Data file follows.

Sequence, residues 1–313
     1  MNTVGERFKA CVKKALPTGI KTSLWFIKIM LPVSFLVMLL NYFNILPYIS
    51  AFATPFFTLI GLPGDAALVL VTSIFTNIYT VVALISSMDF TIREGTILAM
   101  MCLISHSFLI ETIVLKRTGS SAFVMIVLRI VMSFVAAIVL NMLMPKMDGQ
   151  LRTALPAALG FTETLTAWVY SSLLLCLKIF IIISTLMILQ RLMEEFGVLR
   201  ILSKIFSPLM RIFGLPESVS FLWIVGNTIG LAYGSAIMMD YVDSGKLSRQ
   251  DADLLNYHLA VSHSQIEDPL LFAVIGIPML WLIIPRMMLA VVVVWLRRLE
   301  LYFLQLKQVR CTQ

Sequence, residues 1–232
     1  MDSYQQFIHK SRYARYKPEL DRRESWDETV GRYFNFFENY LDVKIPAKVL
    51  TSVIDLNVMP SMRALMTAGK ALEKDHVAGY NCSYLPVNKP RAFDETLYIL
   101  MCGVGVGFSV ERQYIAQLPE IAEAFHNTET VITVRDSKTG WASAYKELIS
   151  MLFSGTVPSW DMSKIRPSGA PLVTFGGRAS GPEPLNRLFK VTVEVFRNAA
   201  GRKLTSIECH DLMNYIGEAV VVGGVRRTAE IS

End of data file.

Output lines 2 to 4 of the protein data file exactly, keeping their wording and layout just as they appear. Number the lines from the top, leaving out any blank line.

     1  MNTVGERFKA CVKKALPTGI KTSLWFIKIM LPVSFLVMLL NYFNILPYIS
    51  AFATPFFTLI GLPGDAALVL VTSIFTNIYT VVALISSMDF TIREGTILAM
   101  MCLISHSFLI ETIVLKRTGS SAFVMIVLRI VMSFVAAIVL NMLMPKMDGQ